Do you think your dog has a hard time at Halloween? Depending on where you live, your neighbourhood and your family, each dog will have a different experience. Some dogs may be in the thick of it – having to deal with fireworks, excited kids, costumes and all the antics associated with this spooky day!
Whatever your Halloween looks like, something out of the norm will be happening. And even if you think your dog is okay and not affected, I advise you not to presume this. Extra care should be taken to ensure your dog is set up for success and not put into situations that could be problematic.
The stimulation and resulting stress or arousal can cause dogs to respond differently than they might typically. You may already take extra care at Halloween with things such as Trick or Treaters coming to the door or when your dog is around kids in spooky costumes. That’s awesome, as you can not predict how your dog may respond to these uncommon occurrences.
Go a Step Further
But I advise going a step further. Why? Because adrenalin and cortisol remain elevated in your dog’s system up to 72 hours after the causative event. If your dog is being exposed to multiple triggers over a week, those hormones could be putting your dog in an almost constant state of arousal.
Arousal, whether fear-based or excitement-based, influences behaviour in many ways – often unpredictably and in situations that are removed or unrelated to the actual cause. They will show fear or excitement around the actual triggers, but they may even react in familiar situations. This is why it is so important to take care of our dogs and pay attention to them when routines, environments and events are different. I receive so many calls after Halloween from distraught parents whose dogs have reacted unexpectedly. They feel their dog’s response was out of character and a complete surprise.
Those Darn Hormones
Here are some examples of how Halloween hormones can affect behaviour:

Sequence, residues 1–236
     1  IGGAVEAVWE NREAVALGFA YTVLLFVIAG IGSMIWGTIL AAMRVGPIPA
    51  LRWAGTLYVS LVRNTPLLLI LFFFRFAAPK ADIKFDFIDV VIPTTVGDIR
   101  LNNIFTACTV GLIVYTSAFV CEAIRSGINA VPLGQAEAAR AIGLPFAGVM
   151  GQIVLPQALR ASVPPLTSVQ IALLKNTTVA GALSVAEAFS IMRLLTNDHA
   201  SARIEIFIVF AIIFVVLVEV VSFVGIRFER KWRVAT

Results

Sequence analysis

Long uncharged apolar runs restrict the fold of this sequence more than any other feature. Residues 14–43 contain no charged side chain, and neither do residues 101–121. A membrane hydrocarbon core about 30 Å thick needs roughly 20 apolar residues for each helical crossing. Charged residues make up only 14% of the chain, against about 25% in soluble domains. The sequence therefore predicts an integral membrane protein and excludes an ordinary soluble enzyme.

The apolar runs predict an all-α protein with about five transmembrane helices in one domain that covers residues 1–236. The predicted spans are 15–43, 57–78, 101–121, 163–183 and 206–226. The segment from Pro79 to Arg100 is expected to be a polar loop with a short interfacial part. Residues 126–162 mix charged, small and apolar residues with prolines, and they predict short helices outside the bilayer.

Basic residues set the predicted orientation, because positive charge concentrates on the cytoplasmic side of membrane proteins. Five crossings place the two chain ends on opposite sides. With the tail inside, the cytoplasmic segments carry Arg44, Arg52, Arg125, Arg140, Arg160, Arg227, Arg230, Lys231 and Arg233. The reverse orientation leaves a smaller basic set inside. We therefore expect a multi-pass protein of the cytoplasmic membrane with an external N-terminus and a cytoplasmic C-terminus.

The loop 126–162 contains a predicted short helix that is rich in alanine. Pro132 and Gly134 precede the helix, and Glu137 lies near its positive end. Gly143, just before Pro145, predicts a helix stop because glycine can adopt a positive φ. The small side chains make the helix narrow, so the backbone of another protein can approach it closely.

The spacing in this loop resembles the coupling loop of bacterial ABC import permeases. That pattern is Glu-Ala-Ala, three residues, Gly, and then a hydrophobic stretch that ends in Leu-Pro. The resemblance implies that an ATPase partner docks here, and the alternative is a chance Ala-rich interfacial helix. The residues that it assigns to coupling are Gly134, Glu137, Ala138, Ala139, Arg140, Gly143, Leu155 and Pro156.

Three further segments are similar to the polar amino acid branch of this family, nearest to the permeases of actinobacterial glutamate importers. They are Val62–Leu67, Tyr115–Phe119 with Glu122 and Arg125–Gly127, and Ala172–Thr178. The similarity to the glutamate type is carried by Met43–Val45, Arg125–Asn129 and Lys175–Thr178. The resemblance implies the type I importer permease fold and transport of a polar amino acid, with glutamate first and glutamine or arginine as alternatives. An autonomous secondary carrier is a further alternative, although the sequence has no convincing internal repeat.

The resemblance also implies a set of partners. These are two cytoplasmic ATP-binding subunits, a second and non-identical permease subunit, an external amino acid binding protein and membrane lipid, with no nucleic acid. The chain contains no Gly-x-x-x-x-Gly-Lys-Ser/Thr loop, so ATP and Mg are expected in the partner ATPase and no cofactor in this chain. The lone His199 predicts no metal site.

- your dog is fine with kids they greet on the street, but they reacted when a child approached them at Halloween. Was the costume the child was wearing the problem or was it the lingering effects of the fireworks from two nights ago?
- your dog usually takes meeting other dogs in stride but was grumpy with a dog they saw on the trail the day after Halloween. Did they meet the first dog they didn’t like or was it the tiring night of doorbells and visitors at the door?
- you may also notice changes such as being less tolerant of handling or touch, displaying behaviours you haven’t seen since they were pups or being generally less settled.
What’s the moral of this? Whether your dog gets emotional about everything, is a social butterfly that doesn’t seem to be bothered by anything, or falls somewhere in the middle – your dog will be dealing with emotions you are unaware of this Halloween. So use discretion and take extra care of them. Be the advocate your dog needs. Play it safe, and rather than presuming they will be fine, give them that bit of extra space, additional time or just say “No thanks.” It won’t hurt anything, but it could prevent your dog from being put in a situation they are not at their best to handle.
Stay tuned for more tips and ideas in our Halloween safety series. You can join our free group Positive Dog Life for more on this.